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Hi, it’s me, Megan, and I’m here to tell you about that time yesterday when I watched Argentina lose to Germany in the 2014 World Cup IN ARGENTINA. (Let me preface my story by saying that I am not (nor have I ever been) good at watching sports; they make me very stressed out and overly emotional, which, combined with the fact that I am admittedly a sore loser, means that I am about to tell you a perhaps exaggeratedly depressing account of what went down in Buenos Aires last night.)

When faced with the choice of getting drunk and screaming at the television in the comfort of my apartment alone (except for the companionship of a cat named Verne) or heading to Palermo to watch the game with my Venezuelan friend Jose, I opted for the latter. I don’t know if this was a good decision or a bad decision, but we’ll get into that momentarily.

To get to Jose’s I had to take the bus, which took an eternity to arrive and the wait in and of itself was hugely stressful. When it finally DID arrive, I crammed on with a million other people, to the point that we could no longer pick up anyone else because there was no space. The game began about halfway to Jose’s, and everyone on the bus started doing this:

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cheering on the bus before the game even started…

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(The weird lady who keeps glaring at the camera is probably pissed because she specifically warned me not to take out my phone because #THIEVES, but like, there was legitimately nowhere for a potential pickpocket to run to, so I risked it.)

After the bus arrived at my stop, I RAN to Jose’s and listened to people gasping and screaming out their windows all the while. (Again, stressful.) Finally I reached the apartment and got settled, and when Argentina scored that first goal, we (along with the entire street) screamed our heads off out the windows. And then, we realized that it was NOT going to count because it was offsides. (God fucking dammit.)

Fortunately, though, Germany wasn’t looking too good in the goal department, either, and so at halftime we joined everyone in cheering for the 0-0 status as we walked to McDonald’s to grab burgers. Here is me eating a triple cheeseburger with confidence and optimism:

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Although the second half was also stressful, we were glad that things APPEARED to be headed into thirty minutes of overtime. That is UNTIL some demonic forces decided to cause a power outage on our block with just two nerve-wracking minutes to go in the first ninety minutes. The ENTIRE STREET cried out in a collective shriek of agony, followed by a mad dash on the pavement below in which people ran to their cars to hear what was happening on the radio, aka the worst (but only) option:

Fortunately there was an apartment with a TV powered by a backup generator a few doors down, and the residents had turned the screen to face the street so we could all look up at the balcony and watch the game. For sound, someone turned on their truck and blasted the radio. It was a frustrating system, but it was functional and (now that we had indeed entered into overtime) we all remained hopeful that things would go Argentina’s way.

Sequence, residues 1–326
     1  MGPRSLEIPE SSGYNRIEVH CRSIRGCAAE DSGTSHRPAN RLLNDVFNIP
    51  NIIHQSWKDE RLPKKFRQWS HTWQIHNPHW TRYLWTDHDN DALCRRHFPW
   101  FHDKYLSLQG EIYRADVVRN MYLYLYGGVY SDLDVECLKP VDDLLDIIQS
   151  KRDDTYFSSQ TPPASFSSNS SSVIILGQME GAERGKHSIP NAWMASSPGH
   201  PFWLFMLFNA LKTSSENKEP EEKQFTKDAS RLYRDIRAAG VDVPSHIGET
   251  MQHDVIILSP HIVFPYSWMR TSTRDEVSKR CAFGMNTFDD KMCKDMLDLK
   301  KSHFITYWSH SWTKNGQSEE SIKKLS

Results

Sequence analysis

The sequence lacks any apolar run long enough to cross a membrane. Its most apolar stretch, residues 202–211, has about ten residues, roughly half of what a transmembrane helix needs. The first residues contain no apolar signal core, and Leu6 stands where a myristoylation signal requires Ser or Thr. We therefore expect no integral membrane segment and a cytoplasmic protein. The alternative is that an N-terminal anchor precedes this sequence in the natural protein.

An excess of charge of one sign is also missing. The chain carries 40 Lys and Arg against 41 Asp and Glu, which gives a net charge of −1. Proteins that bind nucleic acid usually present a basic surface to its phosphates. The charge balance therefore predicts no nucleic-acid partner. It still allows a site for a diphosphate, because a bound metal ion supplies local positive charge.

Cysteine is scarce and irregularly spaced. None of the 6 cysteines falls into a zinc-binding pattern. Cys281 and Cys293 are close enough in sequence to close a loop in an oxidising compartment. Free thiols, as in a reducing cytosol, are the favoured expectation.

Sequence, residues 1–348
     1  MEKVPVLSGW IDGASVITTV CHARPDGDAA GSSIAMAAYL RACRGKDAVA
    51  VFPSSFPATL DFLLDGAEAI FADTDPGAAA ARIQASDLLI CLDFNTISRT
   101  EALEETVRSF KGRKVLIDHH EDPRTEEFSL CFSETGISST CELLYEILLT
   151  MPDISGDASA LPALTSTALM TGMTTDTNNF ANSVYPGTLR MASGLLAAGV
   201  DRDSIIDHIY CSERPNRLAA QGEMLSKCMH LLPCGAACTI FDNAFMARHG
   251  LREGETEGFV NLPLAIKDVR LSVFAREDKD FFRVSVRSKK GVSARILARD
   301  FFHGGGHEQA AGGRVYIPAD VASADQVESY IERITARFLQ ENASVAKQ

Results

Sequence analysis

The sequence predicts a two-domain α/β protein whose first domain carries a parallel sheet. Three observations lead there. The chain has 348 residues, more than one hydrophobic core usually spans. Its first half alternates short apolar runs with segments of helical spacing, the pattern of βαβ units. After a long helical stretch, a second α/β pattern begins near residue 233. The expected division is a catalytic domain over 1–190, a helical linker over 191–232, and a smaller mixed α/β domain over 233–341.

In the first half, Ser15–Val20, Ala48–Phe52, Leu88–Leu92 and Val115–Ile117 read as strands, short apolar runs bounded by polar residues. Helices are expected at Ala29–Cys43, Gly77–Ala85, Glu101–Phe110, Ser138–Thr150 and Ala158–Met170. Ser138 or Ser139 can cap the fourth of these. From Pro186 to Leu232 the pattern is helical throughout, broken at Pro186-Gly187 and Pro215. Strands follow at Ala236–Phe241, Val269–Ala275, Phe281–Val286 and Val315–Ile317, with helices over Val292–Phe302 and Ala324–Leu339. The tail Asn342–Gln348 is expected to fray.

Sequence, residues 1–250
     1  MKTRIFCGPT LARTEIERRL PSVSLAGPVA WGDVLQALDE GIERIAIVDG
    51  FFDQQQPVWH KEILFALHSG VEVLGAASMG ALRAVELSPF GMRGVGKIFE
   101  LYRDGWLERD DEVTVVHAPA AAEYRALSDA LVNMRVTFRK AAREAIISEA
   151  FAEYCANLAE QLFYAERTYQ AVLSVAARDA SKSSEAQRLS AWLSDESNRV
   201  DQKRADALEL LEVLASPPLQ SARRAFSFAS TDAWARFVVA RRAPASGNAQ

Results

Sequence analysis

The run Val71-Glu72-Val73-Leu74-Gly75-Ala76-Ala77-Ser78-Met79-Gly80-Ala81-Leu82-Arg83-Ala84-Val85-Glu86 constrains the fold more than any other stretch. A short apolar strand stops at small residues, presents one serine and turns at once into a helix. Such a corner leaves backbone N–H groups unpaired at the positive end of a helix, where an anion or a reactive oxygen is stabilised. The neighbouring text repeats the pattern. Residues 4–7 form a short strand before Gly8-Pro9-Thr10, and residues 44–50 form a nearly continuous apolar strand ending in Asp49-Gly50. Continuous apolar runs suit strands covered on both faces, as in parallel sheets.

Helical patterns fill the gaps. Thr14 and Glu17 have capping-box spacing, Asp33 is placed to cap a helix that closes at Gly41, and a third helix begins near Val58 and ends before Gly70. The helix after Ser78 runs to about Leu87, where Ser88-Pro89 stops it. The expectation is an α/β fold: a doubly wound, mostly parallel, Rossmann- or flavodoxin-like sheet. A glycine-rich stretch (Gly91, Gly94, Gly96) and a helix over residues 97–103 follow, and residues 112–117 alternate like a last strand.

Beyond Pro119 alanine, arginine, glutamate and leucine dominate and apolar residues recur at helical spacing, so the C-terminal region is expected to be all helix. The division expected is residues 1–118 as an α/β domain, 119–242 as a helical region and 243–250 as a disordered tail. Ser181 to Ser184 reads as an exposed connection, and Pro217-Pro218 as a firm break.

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Unfortunately, however, this was not to be; suddenly Germany had scored a gut-wrenching goal, and where we had all been cheering just moments before, there was absolute silence. The people in the truck cut the radio, and now we all just stared blankly at the tiny screen above. I cannot tell you just how agonizing that silence was, but you could have heard a pin drop. (To me, it was essentially like the ending of the fight between the Mountain and Prince Oberyn. And if you don’t understand that reference I’m not going to explain it to you.)

And then it was over. Still silence, punctuated only by the sobbing of  one small child who was clearly gutted. (This was exactly how we all felt, too.) Someone began a solemn applause for the person who’d lent their television set to the street below, and then people slowly began to disperse. We went back to the apartment (where the power was still out) and sat in the darkness and said nothing to one another. Eventually I left, and (to my surprise) people were mobilizing to celebrate in the Microcentro.

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(inexplicable post-loss celebrating.)

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I think a large part of this had to do with the fact that people had already made up their minds that there would be a party come hell or high water, but it was still strange to see. I started to ask people how they felt about the loss, and the general consensus was that while it was a tough blow, there was still a lot to be proud of: the team fought and gave the Germans a run for their money for more than a hundred minutes, and at the end of the day, we came out second among tons of other teams. Was it as good as a win? Of course not, but it wasn’t anything to sneer at, either. 

I SHOULD NOTE, however, that while there were plenty of people in as good of spirits as can be had in a situation like this, there were definitely angry people wreaking havoc, too; as I left the Microcentro to head back to Palermo, I passed dozens upon dozens of riot gear-clad policemen on their way to break up the madness with power hoses and tear gas. (It was definitely a good time to leave the party.)

I do still feel sad that the game didn’t turn out differently, but today people are going about their business as usual; it may be the end of the World Cup, but it’s certainly not the end of the world. And so that, amigos, is how it felt to watch Argentina lose the World Cup in Argentina.

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